Borrowing from xkcd’s amazing breakdown of the US political spectrum since George Washington, here is my take on what happened in the 2018 midterms:
- Overall, Democrats gained enough seats to take control of the House, but the remaining House Republicans include more Far Right politicians than ever before, in the history of the country.
- Outgoing Republicans were overwhelmingly moderate “Conservatives” and “Center Right” leaders. Many of these people retired rather than face a tough challenge.
- If history is a guide, most of the newly elected Democrats will be the first voted out in 6-10 years, if Republicans take back the House. This should be intuitive: they ran in the few remaining competitive districts whether neither party has a built-in 20 point advantage.
- Some of the newly elected Democrats would have ran as moderate Republicans in past years, but they found it more practical to leave the Republican party. Also, they found it easier to beat a hard Far Right candidate in a Republican primary than challenge a Center Left Democrat in the same primary. (This narrative is a bit suspect, because identity is everything in politics now, as I explain below.)
- More Far Left candidates won in 2018 than would be expected, in part because of Trump’s inspiring (against him) rhetoric, and in part because there are safe districts where these candidates can operate, just like those safe Far Right friendly districts.
- There are no (zero) moderate Republicans in the house, based on the xkcd voting record definition. And therefore, it is very unlikely that compromise legislation will pass with Republican votes.
- Non bi-partisan legislation that passes entirely with Democratic votes is more likely to be a compromise bill and better reflect the makeup of the general population’s views than bills that have Republican votes now. The makeup of the Democratic party in the House covers most of the historical political spectrum, including the perspective of ousted moderate Republicans. Democrats operating from “Red States” now represent some of those views.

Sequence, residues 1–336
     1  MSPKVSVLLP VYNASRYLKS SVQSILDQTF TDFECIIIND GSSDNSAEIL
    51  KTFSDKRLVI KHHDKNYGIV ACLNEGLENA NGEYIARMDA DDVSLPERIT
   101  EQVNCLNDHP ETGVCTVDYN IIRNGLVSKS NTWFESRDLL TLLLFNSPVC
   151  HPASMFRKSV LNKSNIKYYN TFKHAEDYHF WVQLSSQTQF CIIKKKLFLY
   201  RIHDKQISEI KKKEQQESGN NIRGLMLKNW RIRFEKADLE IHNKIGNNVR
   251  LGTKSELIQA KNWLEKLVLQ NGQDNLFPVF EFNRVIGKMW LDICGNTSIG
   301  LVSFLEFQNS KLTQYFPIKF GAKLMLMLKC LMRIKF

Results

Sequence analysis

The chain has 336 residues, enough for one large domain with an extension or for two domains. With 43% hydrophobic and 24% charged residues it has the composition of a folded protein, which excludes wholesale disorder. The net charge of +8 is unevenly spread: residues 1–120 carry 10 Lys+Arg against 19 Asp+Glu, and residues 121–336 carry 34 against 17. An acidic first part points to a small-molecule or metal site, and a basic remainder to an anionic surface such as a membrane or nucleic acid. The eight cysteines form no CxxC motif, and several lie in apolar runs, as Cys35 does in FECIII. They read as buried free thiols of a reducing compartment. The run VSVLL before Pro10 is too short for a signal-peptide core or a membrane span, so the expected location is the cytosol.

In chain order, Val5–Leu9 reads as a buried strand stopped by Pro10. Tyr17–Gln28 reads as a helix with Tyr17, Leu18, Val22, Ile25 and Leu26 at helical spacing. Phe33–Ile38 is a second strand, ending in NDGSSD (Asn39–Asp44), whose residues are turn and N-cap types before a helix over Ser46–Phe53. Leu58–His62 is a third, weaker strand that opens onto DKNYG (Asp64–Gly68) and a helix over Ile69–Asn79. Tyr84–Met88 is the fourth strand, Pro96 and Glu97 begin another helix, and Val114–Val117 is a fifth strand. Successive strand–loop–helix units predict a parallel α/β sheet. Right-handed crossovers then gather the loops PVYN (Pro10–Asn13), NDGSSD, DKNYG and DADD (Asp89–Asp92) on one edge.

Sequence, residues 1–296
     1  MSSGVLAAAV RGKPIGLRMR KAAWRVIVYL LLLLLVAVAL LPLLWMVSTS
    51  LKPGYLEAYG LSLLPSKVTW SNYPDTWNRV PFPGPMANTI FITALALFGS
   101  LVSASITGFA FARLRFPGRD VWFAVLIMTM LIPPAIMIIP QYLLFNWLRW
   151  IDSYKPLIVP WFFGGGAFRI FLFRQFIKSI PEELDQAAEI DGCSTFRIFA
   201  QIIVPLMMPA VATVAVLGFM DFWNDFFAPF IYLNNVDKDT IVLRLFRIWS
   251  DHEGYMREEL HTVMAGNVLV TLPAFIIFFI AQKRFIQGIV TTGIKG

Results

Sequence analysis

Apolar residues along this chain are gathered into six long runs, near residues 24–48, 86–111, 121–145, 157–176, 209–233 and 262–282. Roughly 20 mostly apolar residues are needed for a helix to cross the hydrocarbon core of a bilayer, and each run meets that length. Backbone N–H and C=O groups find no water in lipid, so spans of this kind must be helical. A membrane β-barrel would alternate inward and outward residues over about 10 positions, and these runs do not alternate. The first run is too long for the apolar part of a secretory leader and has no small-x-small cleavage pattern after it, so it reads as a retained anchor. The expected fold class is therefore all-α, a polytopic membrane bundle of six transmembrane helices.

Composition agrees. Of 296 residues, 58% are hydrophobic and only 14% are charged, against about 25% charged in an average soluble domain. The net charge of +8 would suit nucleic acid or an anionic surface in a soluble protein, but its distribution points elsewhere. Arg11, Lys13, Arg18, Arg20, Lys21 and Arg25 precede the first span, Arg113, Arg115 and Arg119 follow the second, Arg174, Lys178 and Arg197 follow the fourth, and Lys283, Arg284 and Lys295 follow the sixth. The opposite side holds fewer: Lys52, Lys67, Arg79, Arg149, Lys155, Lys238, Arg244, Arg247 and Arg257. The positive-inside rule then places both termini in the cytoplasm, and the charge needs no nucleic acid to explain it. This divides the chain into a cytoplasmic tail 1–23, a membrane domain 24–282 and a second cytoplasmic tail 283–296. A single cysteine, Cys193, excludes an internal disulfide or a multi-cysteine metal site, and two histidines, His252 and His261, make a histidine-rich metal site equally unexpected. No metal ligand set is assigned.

Compare the House to the political identity of the general US population:
It’s about identity.
- Few Americans are naturally Far Left or Far Right in their views. About 42% of Americans self-identify as independents, according to a recent Gallup poll. And although that’s been stable over decades, it has risen in the past ten years.
- Most people are center-left, center-right, or apolitical in their views. This doesn’t mean they never vote, but more that they struggle to find candidates that align with their values and their identity. They’re unstable and unreliable voters. And of course many don’t vote that often, because it is hard to vote if the options are “bad” or “misaligned” with your own identity.
- Let’s compare the US Senate breakdown. It is far less polarized. It more closely reflects the US population as a whole, because states cannot be Gerrymandered. There’s still a huge rural-voter-bias in the Senate (each rural vote is equivalent to 1.5-to-3 urban votes), leading to a near even split between the parties in 2018:
- Given that compromise legislation is unlikely, policy is irrelevant. Laws are not going to change much in the next two years. Instead, Democrats should start talking about their identity and their values, if they want to win in 2020.
Identity already defines how and why people vote. But instead of allowing identity to destroy any ability for political compromises, we should use identity to heal and transform people – who have for too long been listening to messages that stoke their egos and bestow them with a greater sense of importance. Racists are racists because those beliefs restore their own sense of dignity.
Understanding that is the point of my podcast, and the purpose of episode 51: Transformation.
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